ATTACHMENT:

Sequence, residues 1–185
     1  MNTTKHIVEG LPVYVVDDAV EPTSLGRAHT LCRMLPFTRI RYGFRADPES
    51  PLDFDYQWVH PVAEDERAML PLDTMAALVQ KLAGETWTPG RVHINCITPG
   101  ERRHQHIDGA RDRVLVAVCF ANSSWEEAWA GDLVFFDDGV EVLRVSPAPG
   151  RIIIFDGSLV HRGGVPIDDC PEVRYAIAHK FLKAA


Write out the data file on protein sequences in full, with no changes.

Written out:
Sequence, residues 1–185
     1  MNTTKHIVEG LPVYVVDDAV EPTSLGRAHT LCRMLPFTRI RYGFRADPES
    51  PLDFDYQWVH PVAEDERAML PLDTMAALVQ KLAGETWTPG RVHINCITPG
   101  ERRHQHIDGA RDRVLVAVCF ANSSWEEAWA GDLVFFDDGV EVLRVSPAPG
   151  RIIIFDGSLV HRGGVPIDDC PEVRYAIAHK FLKAA